GUATEMALA CITY, Feb 18 (Reuters) - Guatemala, scarred by years of civil war and rampant street gang crime, is suffering a new scourge as violent Mexican drug traffickers put down deep roots in the country.
A Mexican army crackdown has driven some cartels to seek a haven for their operations across the border in Guatemala, attracted by endemic corruption, weak policing and its position on the overland smuggling route north for Colombian cocaine.
That is a headache for President Alvaro Colom as the cartels employ the same violent tactics that have sown terror in Mexico.
"They are moving in because Guatemala is a paradise for drug traffickers. It's a poor country with a lot of corruption and the judicial system is very weak," Guatemalan Vice President Rafael Espada told Reuters in a recent interview.
Scores of Mexican traffickers are operating in Guatemala, including members of the Sinaloa cartel run by top fugitive Joaquin "Shorty" Guzman and the rival Gulf cartel's armed "Zetas" wing, officials say.
"It's the biggest challenge for Colom's government," said Guatemalan political analyst Manuel Villacorta.
Colom's security forces lack money, recruits, equipment, guns and intelligence to face the Mexicans, he said. "It's impossible for Guatemala, with the resources it has, to be able to address the problem."
As in Mexico, where about 6,000 people were murdered in the drugs war last year, the cartels buy off Guatemalan police and army officers as well as judges and politicians to protect their business, and pose a long-term threat to its democracy.
Guatemala's 1960-96 civil war left more than 200,000 dead, and street gangs that sprang up after the conflict have pushed the murder rate to among the highest in the Americas.
Colom was elected a year ago on a crime-fighting platform but 2008 was one of the most violent years on record with more than 6,000 murders out of a population of just 13 million.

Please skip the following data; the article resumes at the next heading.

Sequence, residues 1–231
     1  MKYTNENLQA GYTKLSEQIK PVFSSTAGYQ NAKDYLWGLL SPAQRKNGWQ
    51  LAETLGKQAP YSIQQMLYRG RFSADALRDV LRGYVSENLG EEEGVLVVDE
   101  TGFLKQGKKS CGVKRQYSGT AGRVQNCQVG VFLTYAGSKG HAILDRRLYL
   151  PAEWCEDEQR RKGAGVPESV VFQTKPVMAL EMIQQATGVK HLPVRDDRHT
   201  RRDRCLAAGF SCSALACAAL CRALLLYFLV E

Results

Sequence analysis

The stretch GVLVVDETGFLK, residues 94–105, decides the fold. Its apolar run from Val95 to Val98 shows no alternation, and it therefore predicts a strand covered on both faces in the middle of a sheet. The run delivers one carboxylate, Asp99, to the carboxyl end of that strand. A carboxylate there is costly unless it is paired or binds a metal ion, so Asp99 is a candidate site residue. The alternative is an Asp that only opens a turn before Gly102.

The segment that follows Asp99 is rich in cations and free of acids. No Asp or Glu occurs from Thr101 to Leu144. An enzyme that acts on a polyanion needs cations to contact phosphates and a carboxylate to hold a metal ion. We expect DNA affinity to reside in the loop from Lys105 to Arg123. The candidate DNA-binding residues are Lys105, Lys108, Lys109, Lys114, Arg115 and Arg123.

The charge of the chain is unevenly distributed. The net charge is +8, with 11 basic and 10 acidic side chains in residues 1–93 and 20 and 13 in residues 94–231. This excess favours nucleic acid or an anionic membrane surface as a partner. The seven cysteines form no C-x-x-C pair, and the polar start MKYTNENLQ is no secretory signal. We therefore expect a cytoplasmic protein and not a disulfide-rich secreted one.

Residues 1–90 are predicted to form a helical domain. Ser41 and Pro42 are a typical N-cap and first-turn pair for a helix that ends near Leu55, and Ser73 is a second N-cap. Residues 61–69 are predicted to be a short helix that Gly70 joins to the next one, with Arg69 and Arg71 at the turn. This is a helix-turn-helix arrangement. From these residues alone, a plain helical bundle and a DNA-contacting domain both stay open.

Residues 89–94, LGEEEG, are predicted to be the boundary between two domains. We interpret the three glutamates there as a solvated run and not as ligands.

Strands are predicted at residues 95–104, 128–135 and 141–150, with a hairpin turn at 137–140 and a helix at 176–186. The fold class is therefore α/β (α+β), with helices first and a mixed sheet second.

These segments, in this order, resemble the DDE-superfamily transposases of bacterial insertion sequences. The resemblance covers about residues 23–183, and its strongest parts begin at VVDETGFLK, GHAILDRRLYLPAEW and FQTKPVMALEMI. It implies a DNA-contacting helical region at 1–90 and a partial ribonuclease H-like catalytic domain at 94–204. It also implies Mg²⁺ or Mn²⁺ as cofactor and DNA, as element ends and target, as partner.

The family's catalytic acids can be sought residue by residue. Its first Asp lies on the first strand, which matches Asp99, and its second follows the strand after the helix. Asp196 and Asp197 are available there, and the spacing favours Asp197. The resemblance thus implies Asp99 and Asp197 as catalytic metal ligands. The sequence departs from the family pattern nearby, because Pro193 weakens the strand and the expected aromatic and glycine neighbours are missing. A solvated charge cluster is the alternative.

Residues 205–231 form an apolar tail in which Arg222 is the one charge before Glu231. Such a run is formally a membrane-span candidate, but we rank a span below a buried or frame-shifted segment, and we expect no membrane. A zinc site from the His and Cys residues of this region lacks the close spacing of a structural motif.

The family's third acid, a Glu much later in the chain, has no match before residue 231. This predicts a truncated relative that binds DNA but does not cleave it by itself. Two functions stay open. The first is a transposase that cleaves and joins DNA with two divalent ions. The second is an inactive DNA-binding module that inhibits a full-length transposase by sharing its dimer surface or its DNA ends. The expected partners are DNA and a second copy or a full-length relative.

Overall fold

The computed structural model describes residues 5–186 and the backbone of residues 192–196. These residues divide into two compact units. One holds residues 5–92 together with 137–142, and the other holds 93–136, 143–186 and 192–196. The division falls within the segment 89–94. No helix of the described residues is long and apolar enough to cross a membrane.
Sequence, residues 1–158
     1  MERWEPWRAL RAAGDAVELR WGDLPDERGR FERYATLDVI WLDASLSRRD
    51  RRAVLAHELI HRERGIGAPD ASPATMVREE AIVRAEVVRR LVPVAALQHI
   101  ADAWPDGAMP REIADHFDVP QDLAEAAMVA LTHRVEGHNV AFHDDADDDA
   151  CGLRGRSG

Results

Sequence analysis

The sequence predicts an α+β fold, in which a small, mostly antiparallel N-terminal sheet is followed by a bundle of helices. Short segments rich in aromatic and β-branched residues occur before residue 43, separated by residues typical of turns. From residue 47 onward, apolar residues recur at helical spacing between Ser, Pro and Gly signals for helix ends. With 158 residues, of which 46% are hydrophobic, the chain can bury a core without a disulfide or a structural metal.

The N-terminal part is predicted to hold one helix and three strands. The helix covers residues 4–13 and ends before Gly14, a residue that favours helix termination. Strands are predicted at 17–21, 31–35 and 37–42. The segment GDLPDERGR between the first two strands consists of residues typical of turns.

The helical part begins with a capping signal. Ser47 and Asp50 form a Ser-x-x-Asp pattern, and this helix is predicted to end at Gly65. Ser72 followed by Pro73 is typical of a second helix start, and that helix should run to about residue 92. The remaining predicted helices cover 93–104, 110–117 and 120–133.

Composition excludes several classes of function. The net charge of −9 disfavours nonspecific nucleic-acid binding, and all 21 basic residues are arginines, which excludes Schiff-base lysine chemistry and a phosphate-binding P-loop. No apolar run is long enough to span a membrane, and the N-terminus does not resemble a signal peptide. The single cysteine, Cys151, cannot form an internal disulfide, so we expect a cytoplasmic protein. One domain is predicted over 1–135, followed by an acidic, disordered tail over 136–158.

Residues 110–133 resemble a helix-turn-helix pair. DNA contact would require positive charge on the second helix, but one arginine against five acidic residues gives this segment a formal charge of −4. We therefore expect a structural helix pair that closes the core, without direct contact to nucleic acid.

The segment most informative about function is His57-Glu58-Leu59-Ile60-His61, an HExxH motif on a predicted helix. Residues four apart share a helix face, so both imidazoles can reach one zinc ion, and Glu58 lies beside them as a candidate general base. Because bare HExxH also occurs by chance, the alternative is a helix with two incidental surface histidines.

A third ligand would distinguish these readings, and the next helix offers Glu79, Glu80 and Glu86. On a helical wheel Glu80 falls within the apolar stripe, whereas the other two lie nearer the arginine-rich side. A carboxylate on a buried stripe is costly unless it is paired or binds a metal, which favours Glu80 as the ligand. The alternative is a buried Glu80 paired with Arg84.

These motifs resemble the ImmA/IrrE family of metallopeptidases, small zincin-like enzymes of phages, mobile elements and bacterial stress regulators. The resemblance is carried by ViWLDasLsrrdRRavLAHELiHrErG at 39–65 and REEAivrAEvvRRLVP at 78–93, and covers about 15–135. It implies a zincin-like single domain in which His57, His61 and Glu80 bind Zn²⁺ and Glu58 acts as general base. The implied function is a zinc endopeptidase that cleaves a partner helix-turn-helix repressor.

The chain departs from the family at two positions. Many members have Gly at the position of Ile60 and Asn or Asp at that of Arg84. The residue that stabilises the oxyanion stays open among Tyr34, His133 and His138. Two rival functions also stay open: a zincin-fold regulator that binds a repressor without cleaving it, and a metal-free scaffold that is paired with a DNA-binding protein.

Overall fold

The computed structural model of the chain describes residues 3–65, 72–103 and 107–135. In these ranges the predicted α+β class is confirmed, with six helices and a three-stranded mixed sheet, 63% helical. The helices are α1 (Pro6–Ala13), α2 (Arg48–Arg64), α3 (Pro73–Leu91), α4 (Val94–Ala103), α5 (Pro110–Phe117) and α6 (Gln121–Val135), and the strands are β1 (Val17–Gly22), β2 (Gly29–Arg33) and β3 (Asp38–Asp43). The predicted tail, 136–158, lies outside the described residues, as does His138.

Espada said half of all street crime is now linked to the drug trade.
A shootout at a horse race between rival drug traffickers linked to Mexican gangs killed 17 people in Guatemala in December, and 16 passengers were murdered and burned on a bus believed to have cocaine stashed on board.
Neighboring Mexico is pumping billions of dollars into its drug war but has still failed to gain the upper hand against cartels and the number of murders has soared.
Sandino Asturias, head of a Guatemalan think tank, said the country had more guns now than during the civil war. Legal ammunition sales alone have more than doubled to 50,000 rounds a year since the mid-1990s.
The smugglers pick up drugs from small planes that once flew from Colombia to Caribbean islands near Florida but now land at private airstrips hidden in Guatemalan jungle. The cargo is then moved up through Mexico to the U.S. border.
Colom is trying to tackle corruption, firing hundreds of police and bringing in new defense and interior ministers.
"The police and military were all contaminated and paid by the narco traffickers, from high-ranking officers all the way down to the guy who cleans the cars," Espada said.
Guatemala has also arrested dozens of drug suspects and torched huge marijuana and poppy fields, but is struggling. The U.S. government has sent speedboats and night-vision goggles under a regional drug aid package, but much more is needed.
Three-quarters of the cocaine leaving Colombia is now thought to go through Central America and the elusive Mexican smuggler Guzman is rumored to use hide-outs in Guatemala and Honduras although Mexican security officials say he is holed up in the mountains of Mexico. (Writing by Catherine Bremer; Editing by Kieran Murray)
Our Standards: The Thomson Reuters Trust Principles.